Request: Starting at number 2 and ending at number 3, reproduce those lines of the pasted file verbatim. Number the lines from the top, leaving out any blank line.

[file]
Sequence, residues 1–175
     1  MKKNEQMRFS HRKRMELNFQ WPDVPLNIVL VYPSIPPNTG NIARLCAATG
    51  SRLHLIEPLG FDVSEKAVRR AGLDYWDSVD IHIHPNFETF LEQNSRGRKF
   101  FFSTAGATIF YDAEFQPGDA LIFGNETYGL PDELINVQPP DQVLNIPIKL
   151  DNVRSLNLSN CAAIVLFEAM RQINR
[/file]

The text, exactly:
     1  MKKNEQMRFS HRKRMELNFQ WPDVPLNIVL VYPSIPPNTG NIARLCAATG
    51  SRLHLIEPLG FDVSEKAVRR AGLDYWDSVD IHIHPNFETF LEQNSRGRKF